"The only difference between a tax man and a taxidermist is that the taxidermist leaves the skin." ~ Mark Twain
Why Elections Are Stupid (Though Sometimes Funny)
Exclusive to STR
If anybody wanted to know why elections are stupid, all they had to do was watch the returns from New Jersey's primary election on June 6. If the spectacle of a Roman forum where statist gladiators fight to political death would not convince an objective observer, nothing would. However, like the Coliseum in ancient times, there was plenty of entertainment and unintentional humor to occupy the viewer.
I guess the story actually begins with former Governor Jim McGreevey, who suddenly and shockingly resigned his office two years ago after revealing he was gay, although he was "married" three years earlier and had a baby girl. The real problem, however, was that he appointed his secret lover to a six-figure income state job as Homeland Security Advisor, even though the guy was about as qualified as Barney Frank hosting the Miss America Pageant. The following year Jon Corzine, who spent $60 million of his own money to be called "Senator," resigned his seat to spend another $30 million to be called "Governor."
After beating another multimillionaire who could afford millions in TV ads (including one where Corzine's ex-wife attacked him for being untrustworthy) but could not afford a few hundred dollars for a decent hairpiece, Corzine appointed Congressman Bob Menendez to finish his term, which expires next year.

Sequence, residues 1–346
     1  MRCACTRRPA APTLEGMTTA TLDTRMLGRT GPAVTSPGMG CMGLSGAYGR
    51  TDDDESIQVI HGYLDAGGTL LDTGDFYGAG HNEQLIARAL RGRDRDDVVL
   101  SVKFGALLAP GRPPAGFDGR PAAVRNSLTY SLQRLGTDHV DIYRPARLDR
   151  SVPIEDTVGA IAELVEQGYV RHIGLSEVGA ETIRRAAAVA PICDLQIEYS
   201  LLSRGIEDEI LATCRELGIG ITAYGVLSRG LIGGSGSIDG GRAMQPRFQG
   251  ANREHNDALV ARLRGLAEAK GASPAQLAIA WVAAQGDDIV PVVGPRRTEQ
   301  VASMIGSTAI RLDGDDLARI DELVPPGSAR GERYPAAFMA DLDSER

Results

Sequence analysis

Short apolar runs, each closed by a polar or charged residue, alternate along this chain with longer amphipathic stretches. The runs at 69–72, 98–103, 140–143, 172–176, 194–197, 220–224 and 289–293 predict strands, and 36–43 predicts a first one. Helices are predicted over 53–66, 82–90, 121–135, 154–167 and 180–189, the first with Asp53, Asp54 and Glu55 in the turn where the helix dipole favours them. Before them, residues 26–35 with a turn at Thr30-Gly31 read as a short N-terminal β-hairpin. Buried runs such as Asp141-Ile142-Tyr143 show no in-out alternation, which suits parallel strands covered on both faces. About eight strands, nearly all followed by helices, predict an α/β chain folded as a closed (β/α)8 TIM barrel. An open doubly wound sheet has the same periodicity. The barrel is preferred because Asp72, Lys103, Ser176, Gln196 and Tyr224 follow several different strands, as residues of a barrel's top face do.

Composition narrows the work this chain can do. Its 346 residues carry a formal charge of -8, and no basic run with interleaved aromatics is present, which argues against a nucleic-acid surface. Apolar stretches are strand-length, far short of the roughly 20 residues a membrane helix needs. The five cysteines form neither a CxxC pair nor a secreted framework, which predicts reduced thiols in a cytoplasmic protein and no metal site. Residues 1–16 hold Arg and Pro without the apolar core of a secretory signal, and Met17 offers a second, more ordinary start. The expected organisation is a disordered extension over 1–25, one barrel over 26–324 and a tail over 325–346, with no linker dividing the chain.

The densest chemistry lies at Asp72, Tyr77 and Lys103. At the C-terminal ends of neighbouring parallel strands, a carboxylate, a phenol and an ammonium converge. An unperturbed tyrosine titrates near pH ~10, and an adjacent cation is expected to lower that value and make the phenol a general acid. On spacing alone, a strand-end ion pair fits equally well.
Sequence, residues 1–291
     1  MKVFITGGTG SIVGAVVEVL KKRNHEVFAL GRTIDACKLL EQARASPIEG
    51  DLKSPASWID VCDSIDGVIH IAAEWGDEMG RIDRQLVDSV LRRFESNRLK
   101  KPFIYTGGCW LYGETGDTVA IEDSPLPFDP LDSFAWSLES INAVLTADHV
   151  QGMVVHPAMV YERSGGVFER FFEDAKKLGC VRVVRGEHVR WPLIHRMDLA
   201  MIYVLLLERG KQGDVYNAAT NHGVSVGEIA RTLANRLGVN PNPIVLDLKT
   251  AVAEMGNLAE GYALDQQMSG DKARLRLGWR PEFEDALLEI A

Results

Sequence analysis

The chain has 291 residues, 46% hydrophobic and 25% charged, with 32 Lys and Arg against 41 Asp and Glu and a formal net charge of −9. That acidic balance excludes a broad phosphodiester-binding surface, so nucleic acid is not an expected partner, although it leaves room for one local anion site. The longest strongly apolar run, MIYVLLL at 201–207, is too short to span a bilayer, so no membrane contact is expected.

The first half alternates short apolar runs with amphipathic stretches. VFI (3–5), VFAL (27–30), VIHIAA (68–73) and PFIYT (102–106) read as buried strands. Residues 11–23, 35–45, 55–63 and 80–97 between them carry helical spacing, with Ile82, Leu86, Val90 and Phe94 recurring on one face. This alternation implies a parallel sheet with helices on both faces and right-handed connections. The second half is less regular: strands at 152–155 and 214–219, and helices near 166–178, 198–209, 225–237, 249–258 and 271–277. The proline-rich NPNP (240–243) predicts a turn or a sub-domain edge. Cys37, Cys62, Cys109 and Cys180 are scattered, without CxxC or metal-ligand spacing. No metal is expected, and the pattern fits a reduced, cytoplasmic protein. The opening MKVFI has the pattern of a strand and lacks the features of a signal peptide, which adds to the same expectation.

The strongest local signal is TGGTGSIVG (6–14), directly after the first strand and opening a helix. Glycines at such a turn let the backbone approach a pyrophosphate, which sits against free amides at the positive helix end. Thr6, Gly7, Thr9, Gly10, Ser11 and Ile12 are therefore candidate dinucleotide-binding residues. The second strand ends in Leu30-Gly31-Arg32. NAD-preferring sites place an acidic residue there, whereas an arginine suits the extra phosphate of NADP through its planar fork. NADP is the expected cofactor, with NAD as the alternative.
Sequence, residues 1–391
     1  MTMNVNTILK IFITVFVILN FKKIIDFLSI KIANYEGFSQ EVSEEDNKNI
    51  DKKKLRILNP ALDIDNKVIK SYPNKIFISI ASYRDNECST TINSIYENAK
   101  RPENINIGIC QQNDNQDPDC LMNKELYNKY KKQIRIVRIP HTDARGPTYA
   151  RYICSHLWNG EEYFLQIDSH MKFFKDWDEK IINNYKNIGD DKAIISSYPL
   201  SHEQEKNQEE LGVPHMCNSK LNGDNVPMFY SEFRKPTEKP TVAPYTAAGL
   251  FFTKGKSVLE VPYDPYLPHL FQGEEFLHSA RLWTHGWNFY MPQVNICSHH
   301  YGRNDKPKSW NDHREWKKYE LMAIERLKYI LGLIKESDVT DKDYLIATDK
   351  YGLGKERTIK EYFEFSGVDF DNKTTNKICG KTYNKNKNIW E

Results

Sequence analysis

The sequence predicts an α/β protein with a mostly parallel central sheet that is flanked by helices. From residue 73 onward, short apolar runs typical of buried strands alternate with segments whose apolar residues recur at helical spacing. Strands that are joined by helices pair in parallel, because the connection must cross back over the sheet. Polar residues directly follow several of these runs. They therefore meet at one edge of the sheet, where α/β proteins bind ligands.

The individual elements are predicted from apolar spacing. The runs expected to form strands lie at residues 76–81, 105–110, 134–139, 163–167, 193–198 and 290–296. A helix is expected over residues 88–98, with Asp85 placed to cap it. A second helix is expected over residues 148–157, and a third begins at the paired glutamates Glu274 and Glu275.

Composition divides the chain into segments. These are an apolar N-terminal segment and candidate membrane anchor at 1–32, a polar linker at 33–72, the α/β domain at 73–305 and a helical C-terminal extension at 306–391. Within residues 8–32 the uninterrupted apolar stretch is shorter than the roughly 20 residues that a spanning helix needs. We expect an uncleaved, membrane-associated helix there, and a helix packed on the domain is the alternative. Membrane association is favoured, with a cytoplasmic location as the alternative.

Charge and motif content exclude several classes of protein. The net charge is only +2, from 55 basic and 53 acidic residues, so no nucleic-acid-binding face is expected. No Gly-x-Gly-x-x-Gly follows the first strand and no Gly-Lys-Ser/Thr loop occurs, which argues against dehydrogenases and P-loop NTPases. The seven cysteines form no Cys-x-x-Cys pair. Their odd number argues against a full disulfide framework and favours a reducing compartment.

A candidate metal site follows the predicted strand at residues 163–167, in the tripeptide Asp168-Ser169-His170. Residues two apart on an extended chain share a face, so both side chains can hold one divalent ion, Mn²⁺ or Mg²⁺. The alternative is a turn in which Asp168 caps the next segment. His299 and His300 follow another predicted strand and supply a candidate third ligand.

Fast forward to June 6 and Bob Menendez is running in the primary for a full six year term in the US Senate. His only opposition consists of a mental patient who lives in a halfway house and does not have a phone number. However, there is a heated race for the congressional seat vacated by Menendez between two political hacks from Hudson County. For those not familiar with New Jersey politics, Hudson County is the sort of place where city officials take credit cards for services rendered and politicians stab each other in the chest. There is no Republican Party to speak of in Hudson County, so the Democratic primary is the general election. This means that two Democrats, no matter how much they agree on issues, will rip and tear each other apart like two pitbulls in heat fighting over a female, because when it comes to a chance to increase the feathers in their own nest, there is no substitute for victory.
I watched the manager for one candidate explain to an interviewer how upset she was that their opponent ran a very negative campaign. She complained the opponent avoided discussing issues, and was a hypocrite for making personal attacks while at the same time helping a child molester get a reduced sentence, and for associating with a convicted narcotics dealer. During the interview, she made sure that every time she mentioned the opponent's name, she also used the terms "narcotics dealer" and "child molester" in the same breath. At this point I was laughing too hard to pay close attention to what was being said, but it seemed like this was a classic case of sending a negative subliminal message to score cheap political points, similar to neoconservative war hawks mentioning Saddam Hussein, Al-Qaeda and "terrorist" in the same sentence. Anyway, I couldn't care less who won, but at least I had a few good laughs.